Trampled on Memory Lane: The Gay History of Washington, D.C.

Written by | The Lens

In the current social climate, scare tactics are our preferred vernacular.

Do you support food stamps for starving children? Well then, you’re a socialist.

Want sensible gun control laws? That’s Satanism.

Do you enjoy breathing oxygen? Suck it up, you dirty, hippie, tree-hugging, mother earthing fascist!

As you can see, name-calling is confounding and unproductive, but it has a long record of destroying lives and shaping our government, as unfortunate as that may be. And one of the brightest red flags in history is the label communist. During the Cold War, the mere hint of Bolshevik leanings could ruin careers and tear apart communities. There was nothing worse than being called a communist, right?

Not so fast. Have you met the gays?

A new book by James Kirchick details the ways in which homosexuality was often considered worse than the Soviet stench. Secret City: The Hidden History of Gay Washington scours the underbelly of our nation’s capital and exposes the fear, loathing and lust of a political system bent on devouring itself.

“There was a moral panic,” Kirchick tells Time magazine.

“There were communists in the U.S. government, just not in the numbers that Joe McCarthy was claiming. With homosexuals, there really was a witch hunt. There was no example of a gay person who was a traitor or who turned over information because they were blackmailed for being gay.”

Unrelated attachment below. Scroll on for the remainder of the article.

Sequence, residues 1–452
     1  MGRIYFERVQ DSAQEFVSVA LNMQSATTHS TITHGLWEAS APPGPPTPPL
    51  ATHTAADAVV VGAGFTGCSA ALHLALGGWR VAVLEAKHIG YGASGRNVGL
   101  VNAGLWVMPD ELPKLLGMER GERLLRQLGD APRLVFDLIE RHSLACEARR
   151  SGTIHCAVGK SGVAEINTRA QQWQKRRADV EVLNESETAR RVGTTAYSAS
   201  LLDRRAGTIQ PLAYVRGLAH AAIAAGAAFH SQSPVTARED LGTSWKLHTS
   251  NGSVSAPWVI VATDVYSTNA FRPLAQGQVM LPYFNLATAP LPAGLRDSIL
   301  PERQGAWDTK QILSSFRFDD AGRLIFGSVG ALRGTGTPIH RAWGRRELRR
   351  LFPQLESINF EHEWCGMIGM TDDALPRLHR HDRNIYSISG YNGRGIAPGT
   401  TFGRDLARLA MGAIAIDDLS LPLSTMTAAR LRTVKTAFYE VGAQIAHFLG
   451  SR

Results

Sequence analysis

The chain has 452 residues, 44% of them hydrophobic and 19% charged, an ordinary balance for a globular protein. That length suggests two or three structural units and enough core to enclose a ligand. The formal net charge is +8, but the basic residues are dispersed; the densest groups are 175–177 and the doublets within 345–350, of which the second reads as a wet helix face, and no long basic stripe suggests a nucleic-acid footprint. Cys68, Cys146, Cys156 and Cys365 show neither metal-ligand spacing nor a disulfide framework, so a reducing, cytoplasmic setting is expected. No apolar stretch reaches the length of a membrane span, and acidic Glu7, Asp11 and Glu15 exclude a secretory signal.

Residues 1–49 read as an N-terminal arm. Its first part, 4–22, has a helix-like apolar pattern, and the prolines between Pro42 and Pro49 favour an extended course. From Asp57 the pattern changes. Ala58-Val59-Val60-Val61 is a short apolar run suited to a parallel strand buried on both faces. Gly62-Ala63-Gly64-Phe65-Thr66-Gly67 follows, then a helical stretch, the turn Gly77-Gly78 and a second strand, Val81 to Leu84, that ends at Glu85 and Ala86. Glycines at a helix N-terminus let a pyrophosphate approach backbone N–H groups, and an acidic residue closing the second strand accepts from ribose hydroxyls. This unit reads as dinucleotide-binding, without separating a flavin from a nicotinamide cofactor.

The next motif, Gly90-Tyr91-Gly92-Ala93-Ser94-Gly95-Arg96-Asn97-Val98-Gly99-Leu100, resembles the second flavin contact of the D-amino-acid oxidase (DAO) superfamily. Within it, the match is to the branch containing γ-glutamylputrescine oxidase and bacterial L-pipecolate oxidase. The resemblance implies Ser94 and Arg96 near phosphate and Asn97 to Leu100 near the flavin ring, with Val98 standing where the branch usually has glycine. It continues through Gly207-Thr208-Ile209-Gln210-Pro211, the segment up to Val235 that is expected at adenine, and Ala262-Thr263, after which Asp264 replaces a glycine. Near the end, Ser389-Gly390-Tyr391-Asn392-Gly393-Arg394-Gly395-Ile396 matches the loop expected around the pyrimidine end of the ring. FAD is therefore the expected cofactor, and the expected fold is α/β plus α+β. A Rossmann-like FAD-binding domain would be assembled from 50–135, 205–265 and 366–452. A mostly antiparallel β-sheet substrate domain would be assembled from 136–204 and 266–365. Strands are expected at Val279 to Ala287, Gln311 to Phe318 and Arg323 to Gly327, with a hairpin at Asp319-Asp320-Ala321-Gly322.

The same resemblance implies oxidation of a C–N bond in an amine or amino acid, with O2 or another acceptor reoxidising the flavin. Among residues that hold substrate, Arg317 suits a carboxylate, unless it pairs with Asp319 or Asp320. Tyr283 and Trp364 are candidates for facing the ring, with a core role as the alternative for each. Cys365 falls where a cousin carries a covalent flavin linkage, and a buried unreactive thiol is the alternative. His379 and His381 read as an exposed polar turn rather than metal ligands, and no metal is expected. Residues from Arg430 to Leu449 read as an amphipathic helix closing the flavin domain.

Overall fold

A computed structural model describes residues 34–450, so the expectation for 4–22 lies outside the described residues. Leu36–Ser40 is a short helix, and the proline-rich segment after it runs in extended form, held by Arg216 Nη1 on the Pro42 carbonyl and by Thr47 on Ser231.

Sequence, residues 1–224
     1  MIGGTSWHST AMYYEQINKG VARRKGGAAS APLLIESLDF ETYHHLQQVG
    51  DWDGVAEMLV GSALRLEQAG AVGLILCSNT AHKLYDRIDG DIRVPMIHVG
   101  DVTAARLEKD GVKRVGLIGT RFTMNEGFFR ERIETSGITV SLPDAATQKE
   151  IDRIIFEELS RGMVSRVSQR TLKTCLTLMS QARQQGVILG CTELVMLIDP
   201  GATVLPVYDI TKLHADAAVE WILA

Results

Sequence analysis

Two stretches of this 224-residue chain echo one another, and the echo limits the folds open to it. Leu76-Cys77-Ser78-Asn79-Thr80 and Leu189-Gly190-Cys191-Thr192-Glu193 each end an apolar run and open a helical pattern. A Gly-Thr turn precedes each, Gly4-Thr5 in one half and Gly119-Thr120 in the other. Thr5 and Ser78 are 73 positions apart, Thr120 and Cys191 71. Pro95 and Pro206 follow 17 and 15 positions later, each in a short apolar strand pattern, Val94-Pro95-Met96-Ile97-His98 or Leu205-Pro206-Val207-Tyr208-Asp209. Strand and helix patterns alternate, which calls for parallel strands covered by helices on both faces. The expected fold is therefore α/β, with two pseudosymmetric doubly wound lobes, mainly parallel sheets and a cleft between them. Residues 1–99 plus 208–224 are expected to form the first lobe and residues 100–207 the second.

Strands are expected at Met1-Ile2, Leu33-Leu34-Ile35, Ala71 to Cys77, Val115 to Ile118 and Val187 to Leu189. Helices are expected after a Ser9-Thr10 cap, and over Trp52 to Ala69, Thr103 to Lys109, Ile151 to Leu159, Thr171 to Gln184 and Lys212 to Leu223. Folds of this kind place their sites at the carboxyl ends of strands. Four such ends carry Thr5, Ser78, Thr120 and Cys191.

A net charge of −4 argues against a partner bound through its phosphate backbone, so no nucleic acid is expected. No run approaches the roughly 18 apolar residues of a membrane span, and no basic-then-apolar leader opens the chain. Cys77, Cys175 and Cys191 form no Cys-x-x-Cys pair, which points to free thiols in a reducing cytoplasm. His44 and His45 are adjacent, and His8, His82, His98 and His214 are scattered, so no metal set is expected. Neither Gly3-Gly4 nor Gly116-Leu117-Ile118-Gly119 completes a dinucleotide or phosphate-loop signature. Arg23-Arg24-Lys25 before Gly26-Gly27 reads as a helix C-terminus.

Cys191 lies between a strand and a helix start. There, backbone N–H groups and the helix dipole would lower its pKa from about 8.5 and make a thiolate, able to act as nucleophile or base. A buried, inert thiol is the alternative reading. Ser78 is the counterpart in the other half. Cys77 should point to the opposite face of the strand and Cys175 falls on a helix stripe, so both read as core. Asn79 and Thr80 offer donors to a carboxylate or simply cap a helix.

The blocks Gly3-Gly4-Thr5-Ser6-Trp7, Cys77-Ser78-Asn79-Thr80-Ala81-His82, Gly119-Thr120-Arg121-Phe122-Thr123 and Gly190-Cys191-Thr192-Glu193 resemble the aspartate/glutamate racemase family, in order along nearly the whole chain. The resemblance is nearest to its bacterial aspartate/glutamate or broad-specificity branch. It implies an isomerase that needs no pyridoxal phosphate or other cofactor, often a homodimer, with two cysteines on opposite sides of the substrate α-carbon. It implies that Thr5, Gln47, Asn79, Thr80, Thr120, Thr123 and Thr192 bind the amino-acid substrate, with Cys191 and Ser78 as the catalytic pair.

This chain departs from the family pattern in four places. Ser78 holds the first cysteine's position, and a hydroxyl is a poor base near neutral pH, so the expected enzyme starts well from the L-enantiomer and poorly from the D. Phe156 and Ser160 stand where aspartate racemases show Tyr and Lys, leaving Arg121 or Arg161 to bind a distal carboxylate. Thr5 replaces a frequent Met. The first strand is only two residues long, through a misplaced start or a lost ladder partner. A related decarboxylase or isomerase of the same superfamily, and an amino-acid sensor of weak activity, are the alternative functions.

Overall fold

But rumors became tumors, metastasizing in the deepest fibers of our leadership.

“There were untold hundreds or maybe thousands of gay people who lost their jobs, who just sort of melted away back into obscurity.”

When pressed to quantify the damage wrought on our country, Kirchick admits, “There isn’t a true figure… The estimates vary from 5,000 to 15,000 people. It’s impossible to know because a lot of them quit before they could be found out, pressured to quit, or never applied. A lot of records have been destroyed.”

Piecing together a narrative from the shreds of antiquity, the author strives to understand – without apologizing for – the complex chaos of historical figures like Roy Cohn.

“The people who behaved badly under this specter of homosexuality, the real villain is the closet. If there’s a villain in this book, it is the societal fear that our country had of gay people.”

Orientation was a boogeyman that couldn’t be discussed among “decent” Washingtonians.

“We talked a lot about communism. You couldn’t talk about homosexuality.”

Hmm, don’t say gay. Why does that phrase ring eerily familiar in our modern ears? History is repeating itself with a vengeance. Let’s vote against the next Lavender Scare before it consumes us all.

Photo: Instagram @lovingbynealandhugh

Last modified: May 30, 2022